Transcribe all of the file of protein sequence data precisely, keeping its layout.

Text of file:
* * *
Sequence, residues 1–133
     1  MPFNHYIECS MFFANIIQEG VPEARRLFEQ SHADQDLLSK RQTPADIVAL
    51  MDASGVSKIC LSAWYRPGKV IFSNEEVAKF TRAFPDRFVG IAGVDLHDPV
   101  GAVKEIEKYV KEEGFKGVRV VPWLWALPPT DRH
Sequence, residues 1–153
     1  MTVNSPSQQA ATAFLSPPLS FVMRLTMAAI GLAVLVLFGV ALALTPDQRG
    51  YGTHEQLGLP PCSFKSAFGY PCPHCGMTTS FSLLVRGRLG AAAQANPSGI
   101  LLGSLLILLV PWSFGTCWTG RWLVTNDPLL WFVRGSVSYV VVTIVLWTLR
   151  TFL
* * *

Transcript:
Sequence, residues 1–133
     1  MPFNHYIECS MFFANIIQEG VPEARRLFEQ SHADQDLLSK RQTPADIVAL
    51  MDASGVSKIC LSAWYRPGKV IFSNEEVAKF TRAFPDRFVG IAGVDLHDPV
   101  GAVKEIEKYV KEEGFKGVRV VPWLWALPPT DRH
Sequence, residues 1–153
     1  MTVNSPSQQA ATAFLSPPLS FVMRLTMAAI GLAVLVLFGV ALALTPDQRG
    51  YGTHEQLGLP PCSFKSAFGY PCPHCGMTTS FSLLVRGRLG AAAQANPSGI
   101  LLGSLLILLV PWSFGTCWTG RWLVTNDPLL WFVRGSVSYV VVTIVLWTLR
   151  TFL